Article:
Shortly after Jake Arnott’s event with Rupert Smith in the Purcell Room on Friday the 3rd July, Paul Blezard sat with him in the green room to discuss the event, the book and Jake’s writing. Here’s what they said:
PB How did the event go?
JA It was a fantastic event, really good. The Purcell Room is a lovely place to talk about books and Rupert Smith, who was interviewing me, made everything work so well. I had a really good time.
PB How did people react to a story in which we have “The Beast” Aleister Crowley and this fantastic character Hector Macdonald, who I hitherto had known nothing about?
JA Well the interesting thing about Macdonald is that he had tremendous fame in his lifetime but because of the terrible homosexual scandal he was embroiled in he was wiped off the face of history. He was a crofter’s son from the Highlands of Scotland who rose through the ranks after being a soldier in the Gordon Highlanders. He fought in every major conflict in the high Victorian Empire period and was a complete military hero that we should all know about. But the scandal of his sexuality really brought him down. He had a very hidden life, which makes him the perfect character for a novel as it allowed me to invent a complete interior life for him. I think the audience really engaged with that aspect of the story.
PB It’s a very fine novel, Jake, to my mind the finest writing thus far in your already stellar career. Is it actually a novel tho’ or is it a historical fiction? Where indeed does the border between the two exist for you?
JA I think the difference is that in a novel one is allowed to go to places that one can’t as a biographer. Of course, a comprehensive biography of Hector Macdonald would be fantastic but completely impossible as he didn’t leave many papers behind. He didn’t write a journal for example and he wrote very few letters. He was a very repressed man, such a close-knit character, because of the nature of his sexuality in the world he inhabited. I think it’s a bit like Shakespeare’s histories. There are obviously all these real characters in a Shakespearean history, but it’s the author – here I am comparing myself with Shakespeare! – it’s not so much that they’re histories however but the attitude of the writer that is the key. It’s a political area. The history in The Devil’s Paintbrush exists between the cracks in the paving stones of creativity as I did have to make up a lot of material, that’s why I consider it a novel. That’s why it is a novel, there’s a lot of speculation.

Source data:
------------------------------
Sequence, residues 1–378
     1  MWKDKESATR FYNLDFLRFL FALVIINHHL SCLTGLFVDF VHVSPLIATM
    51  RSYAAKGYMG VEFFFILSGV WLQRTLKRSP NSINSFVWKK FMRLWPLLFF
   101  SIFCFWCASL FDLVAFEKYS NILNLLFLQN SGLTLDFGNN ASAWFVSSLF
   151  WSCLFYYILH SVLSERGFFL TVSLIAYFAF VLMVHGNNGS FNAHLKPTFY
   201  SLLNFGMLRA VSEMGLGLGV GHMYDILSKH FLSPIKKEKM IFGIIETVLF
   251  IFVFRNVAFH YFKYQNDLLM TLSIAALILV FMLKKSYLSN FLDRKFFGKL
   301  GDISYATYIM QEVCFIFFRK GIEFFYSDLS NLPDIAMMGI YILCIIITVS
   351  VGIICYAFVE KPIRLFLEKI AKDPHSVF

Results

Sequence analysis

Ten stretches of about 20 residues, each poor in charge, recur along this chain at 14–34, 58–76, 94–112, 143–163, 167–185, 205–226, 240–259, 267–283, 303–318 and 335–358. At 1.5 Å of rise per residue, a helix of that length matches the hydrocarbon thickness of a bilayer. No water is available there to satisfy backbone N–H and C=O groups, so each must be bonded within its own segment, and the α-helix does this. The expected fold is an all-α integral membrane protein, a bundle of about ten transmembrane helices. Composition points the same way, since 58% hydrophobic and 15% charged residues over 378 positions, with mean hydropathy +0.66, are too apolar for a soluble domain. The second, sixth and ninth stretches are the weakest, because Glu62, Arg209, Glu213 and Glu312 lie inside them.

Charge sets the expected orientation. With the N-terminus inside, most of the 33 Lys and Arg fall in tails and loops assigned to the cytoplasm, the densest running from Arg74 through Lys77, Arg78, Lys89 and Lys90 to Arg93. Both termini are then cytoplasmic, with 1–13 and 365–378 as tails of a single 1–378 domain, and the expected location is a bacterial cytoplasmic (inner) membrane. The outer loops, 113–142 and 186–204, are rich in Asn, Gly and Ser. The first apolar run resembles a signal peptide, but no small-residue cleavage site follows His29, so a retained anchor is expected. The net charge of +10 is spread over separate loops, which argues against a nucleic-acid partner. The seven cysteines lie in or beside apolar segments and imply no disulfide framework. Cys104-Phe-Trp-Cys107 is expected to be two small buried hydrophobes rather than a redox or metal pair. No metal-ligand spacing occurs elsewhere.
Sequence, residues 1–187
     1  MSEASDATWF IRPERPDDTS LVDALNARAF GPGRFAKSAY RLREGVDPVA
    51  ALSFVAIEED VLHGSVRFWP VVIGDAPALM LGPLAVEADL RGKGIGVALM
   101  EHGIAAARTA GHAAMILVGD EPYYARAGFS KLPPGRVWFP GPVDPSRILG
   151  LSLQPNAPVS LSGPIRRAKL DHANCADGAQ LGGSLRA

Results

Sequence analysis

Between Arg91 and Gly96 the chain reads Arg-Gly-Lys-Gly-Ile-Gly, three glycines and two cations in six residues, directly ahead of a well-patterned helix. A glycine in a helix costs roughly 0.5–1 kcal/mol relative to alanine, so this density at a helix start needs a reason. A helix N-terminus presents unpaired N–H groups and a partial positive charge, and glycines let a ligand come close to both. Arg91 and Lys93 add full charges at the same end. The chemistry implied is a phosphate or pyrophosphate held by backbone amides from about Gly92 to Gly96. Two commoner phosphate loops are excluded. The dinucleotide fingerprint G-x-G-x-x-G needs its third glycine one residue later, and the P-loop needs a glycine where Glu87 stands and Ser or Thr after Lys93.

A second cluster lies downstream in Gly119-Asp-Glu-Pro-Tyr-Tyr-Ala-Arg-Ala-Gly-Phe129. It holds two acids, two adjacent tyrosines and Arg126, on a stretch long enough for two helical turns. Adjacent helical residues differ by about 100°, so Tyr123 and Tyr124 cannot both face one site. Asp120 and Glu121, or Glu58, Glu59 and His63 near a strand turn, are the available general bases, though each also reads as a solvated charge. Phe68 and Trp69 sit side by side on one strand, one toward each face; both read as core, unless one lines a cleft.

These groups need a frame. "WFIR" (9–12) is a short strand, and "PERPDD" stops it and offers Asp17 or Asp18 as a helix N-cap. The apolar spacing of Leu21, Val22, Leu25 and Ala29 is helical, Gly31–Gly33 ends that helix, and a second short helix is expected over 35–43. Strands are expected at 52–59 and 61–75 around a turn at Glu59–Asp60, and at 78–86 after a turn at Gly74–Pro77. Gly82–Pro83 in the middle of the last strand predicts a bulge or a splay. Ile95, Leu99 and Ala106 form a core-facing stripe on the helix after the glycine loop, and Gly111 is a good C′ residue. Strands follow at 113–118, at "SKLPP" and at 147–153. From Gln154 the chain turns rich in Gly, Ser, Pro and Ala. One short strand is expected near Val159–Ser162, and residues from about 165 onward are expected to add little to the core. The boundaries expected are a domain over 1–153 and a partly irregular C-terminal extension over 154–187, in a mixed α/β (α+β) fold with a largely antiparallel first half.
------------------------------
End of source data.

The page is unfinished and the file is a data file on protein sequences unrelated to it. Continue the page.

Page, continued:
PB In your acknowledgements you give thanks to another author of note, Stephanie Theobald (for three years the Society Editor of Harper’s Bazaar and author of four novels: Trix, Sucking Shrimp, Biche and A Partial Indulgence) not least for her first hand account of a black mass in Paris. How did this come about?
JA Stephanie is my partner and yes, she is a fantastic writer. She’s spent a lot of time in Paris, it’s her city really, so when I was setting a story there I felt indebted to her knowledge of the demi-monde of that world that still very much exists. The interesting thing is that the occult, and Satanism particularly, is still quite fashionable in Paris. It seems to be part of that tradition – from Catherine de Medici to Huisman, the decadent period – that they have a particular way of understanding that hidden world.
PB Finally, what does it mean to you as a writer to have participated at the 3rd London Literature Festival?
JA Well I think it’s fantastic that it’s happening, It’s so good that London, the most literary city in the Universe, now has this. The capital’s a hard place to have a literary festival in as there’s always so much going on and also there’s something slightly jaded about Londoners, everyone seems to be an itinerant writer of some sort or another and not that willing to go and see people like me talking about their books. All that seems to be changing now though. Up until now the South Bank wouldn’t have been able to put this on in the way that it has and the ‘new look’ South Bank has really made itself the home of a festival with a true heart. Everything is so well done and I’m so glad to be a part of it.
PB My second ‘final’ question; What are you working on now?
JA It’s another historical thing. This will be mid 20th century… It’s hard for me to talk about it because it’s still… you know I really don’t want to talk about it, Paul… do you mind?.. is that…?
PB (interrupting to rescue JA from a conversation he clearly doesn’t want to have!) …then let’s not. I understand. Jake Arnott thank you so much for your time and many congratulations, both on the publication of The Devil’s Paintbrush and on a such a good event here at the London Literature Festival.